Remember when I said that readers are smart? Readers can figure it out? It's true, I promise. I read way too many things where the author is trying desperately to make absolutely sure the reader knows what's going on. While I'm sure the reader appreciates the thought, it's often not necessary. Specifically, I mean overuse of dialogue tags and names.
Dialogue tags: some authors want to have a "he said," "she said" after every single thing a character says. Obviously, these tags are necessary sometimes (even lots of times). But if you've started a conversation with your characters, and the words are between quotation marks, we know they've said it. I promise.
"I want to get lunch," Jane said.
"Okay. Where do you want to eat?" David asked.
"Anywhere," she responded.
"How about that new Italian place?" he suggested.
"Sounds good," she agreed.
After we've established that Jane and David are talking (which may have happened before this snippet of conversation--hey, we have no idea what they were doing before I started typing) we really don't need that many tags. The last three lines could easily lose their tags entirely, and the conversation loses nothing.
An instance where frequent dialogue tags are helpful is when there are more than two people talking. Obviously, then we need to know how the conversation is progressing. But even then, you can be creative. Instead of an actual dialogue tag, just move the focus to the character who's speaking.
"I've made some changes," David began, "and I think it should work. But--"
"Can you get it to him tomorrow?" Jared interrupted.
"Then do it."
Jane paced the room, her hands twitching slightly. "But what if he won't sign?"
Thrusting the papers away from him, David sighed and pressed his hands against his eyes. "Then we start from the beginning."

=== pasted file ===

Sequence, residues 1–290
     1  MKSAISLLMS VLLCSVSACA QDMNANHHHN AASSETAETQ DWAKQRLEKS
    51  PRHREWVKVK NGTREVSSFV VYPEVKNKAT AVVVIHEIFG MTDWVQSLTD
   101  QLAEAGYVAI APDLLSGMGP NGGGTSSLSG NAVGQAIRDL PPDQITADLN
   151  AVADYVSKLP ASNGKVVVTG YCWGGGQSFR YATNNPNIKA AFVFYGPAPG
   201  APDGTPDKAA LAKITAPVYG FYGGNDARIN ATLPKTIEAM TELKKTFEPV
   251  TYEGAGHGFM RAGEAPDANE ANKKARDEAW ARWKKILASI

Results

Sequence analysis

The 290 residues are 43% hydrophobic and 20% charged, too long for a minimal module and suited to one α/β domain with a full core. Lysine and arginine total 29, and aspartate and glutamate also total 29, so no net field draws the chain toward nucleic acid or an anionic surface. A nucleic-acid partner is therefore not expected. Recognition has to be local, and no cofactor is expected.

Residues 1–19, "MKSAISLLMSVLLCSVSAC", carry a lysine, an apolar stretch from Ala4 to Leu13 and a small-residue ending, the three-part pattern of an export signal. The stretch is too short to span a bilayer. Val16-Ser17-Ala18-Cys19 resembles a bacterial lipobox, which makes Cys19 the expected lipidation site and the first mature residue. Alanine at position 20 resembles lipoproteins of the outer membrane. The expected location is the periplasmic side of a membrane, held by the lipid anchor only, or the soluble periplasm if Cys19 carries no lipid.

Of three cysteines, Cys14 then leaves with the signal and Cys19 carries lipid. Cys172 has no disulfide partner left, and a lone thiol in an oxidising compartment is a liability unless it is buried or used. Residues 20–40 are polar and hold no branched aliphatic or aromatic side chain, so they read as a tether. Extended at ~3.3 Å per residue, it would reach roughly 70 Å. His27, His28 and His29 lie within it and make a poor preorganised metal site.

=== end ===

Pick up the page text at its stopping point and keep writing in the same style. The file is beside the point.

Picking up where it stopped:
Jared groaned. "Not again!"
There are seven separate instances of people speaking in that conversation, but I only used two actual dialogue tags. And I think it's pretty obvious who's talking throughout.
Names: this one's pretty obvious, I think. But I still see people get hung up on it. Direct conversation by content and context, not by telling us exactly whom the character is addressing. What I mean is, above, David didn't have to say "then we start from the beginning, Jane" for us to know he was answering her. Generally, people only use each other's names when they're trying to get their attention or for emphasis. So if David is really fed up with Jane and Jared's harping by now, and thinks the answer should be obvious, he could say "then we start from the beginning, Jane." But he doesn't need to. I've seen more conversations than I expected to that go something like this:
"What should we do about Jared, Jane?"
"I don't know, David, what do you think?"
"It's up to you, Jane."
Tiring is really the only way to describe it.
I'm not saying you should be Hemingway or anything, here. Dialogue tags and names are good (as it turns out). But like any writing tool, just be careful about how and how often you use them. Yes, we need to know who's talking to whom. But not in every sentence.
Hope this helps and good luck!